Myrtle Beach Wildlife
You’re never alone on Myrtle Beach. There might be times during the off-season when the beach looks deserted, but looks can be deceiving. The sand beneath your feet is every bit as full of life as the boardwalk attractions, and running the whole show is the ever-changing moon, whether you can see it during daylight hours or not. Like a symphony conductor the moon cues the tides, calms the waves, stirs up the waves, and ushers in the next generation of aquatic plants and animals – invisibly, mysteriously, like some cosmic clockwork.
The wildlife you’ll find on the seashore is dependent on the tides, the sand, the sun and the storms, and while you might not always notice the shells and beach critters around you, they’ve been calling the sandy beaches of Myrtle Beach home for thousands of years.
What you’ll find
The five-pointed star
Welcome to a secret society formed around the meaning and the symbolism of the number five – the sign of the echinoderms.
One member is the sand dollar, also known as the keyhole urchin, thin as a wafer so that it may slide obliquely into the sand, passing effortlessly from sunlight into a dark underground bunker. At the center of its flat disk is a five-petal flower, blooming within a surface covered with spines, soft to the touch and shimmering in the sunlight.
Other echinoderms share its underground lair, such as starfish and a closely related cousin, the heart urchin, a lump of a creature with the sign of the five-pointed star carved into its upper crust. The heart urchin is never seen above ground, at least not while it’s alive. A thin shell bearing the secret sign might be blown about by the wind and left in the pile of litter at the high-tide line.
A star-like pattern sometimes marks the entrance to the underground hideout and when that image is disturbed, it trembles and fades, leaving one to wonder whether they’d seen it or not. Meanwhile the starfish silently glides away, paddling through the sand on flattened tube feet. It will not long abandon its family compound, an underground city of chimneys, stacks, ventilating pipes, passages and runways.
Wonderful world of worms
Members of the beach-dwelling worm clan include sand filtration engineers, suit makers, architects, builders and exterior decorators.
Let’s start with the ecologist, the lugworm that passes massive quantities of sand and soil through its body. At the end of the day it has leavened and renewed the beach and brought about a proper balance of decaying organic matter. Where you see round black domes that look like small volcanoes, the lugworm itself is nearby. The domes are neat, coiled castings that represent the work output while the lugworm lies U-shaped in the sand and mud. It takes in sand and water at one end of the “U” and pumps it out the other. Its egg sacks bob around in the water like small flotation devices, pink and translucent, containing as many as 300,000 eggs.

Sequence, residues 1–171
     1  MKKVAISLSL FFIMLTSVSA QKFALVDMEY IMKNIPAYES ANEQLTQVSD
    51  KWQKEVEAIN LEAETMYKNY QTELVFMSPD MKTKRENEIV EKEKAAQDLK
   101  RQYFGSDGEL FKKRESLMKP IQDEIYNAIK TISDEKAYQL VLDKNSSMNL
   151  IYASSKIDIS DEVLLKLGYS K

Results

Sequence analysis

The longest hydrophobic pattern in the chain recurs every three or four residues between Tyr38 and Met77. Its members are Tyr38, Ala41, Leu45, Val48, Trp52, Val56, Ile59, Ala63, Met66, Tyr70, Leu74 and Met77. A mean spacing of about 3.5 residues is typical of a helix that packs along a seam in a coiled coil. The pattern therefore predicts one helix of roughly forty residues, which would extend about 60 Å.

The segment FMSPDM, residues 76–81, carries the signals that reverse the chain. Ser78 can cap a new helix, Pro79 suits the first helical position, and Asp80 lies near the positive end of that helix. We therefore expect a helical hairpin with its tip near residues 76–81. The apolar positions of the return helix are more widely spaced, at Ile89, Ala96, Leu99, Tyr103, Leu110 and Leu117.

Another relative is the trumpet worm, who suits up in a cone-shaped tube made out of finely worked mosaics of sand grains cemented together by a secretion from the worm. It painstakingly creates this suit to protect its soft body while it tunnels, and it is the masterpiece of a lifetime never surrendered until that lifetime has expired. Discarded tubes are among the tidal debris at the high tide line.
The parchment worm creates an underground compound beneath two small twin chimneys that, again, are connected by a subterranean U-shaped tube. It fans the water through the dark tunnel to bring in food, carry off waste and sow the seeds for the next generation. After a larval stage spent on the high seas, it settles on the beach to make short, mucus-coated tunnels, each one progressively larger to accommodate the worm’s growth. It doesn’t make plans for the growth of unwelcome lodgers, however, and young crabs that sneak into the tube can grow too large to get out. Luckily for the worm there’s another exit.
The plumed worm is known as the decorator worm due to its flair with shell and seaweed. It also is known as Diopatra and it builds only one little protruding chimney which it festoons with bits of shell and seaweed, presumably for camouflage rather than for aesthetics. This little guy risks life and limb to get his display just right, exposing its defenseless body to predators during the search for suitable decorative materials which it glues to its chimney.
Marine versus land animal
The sand hopper, also known as the beach flea, is probably the most conflicted creature on the planet as to whether it belongs in the category of marine life or whether it should be reclassified as one of the terrestrials.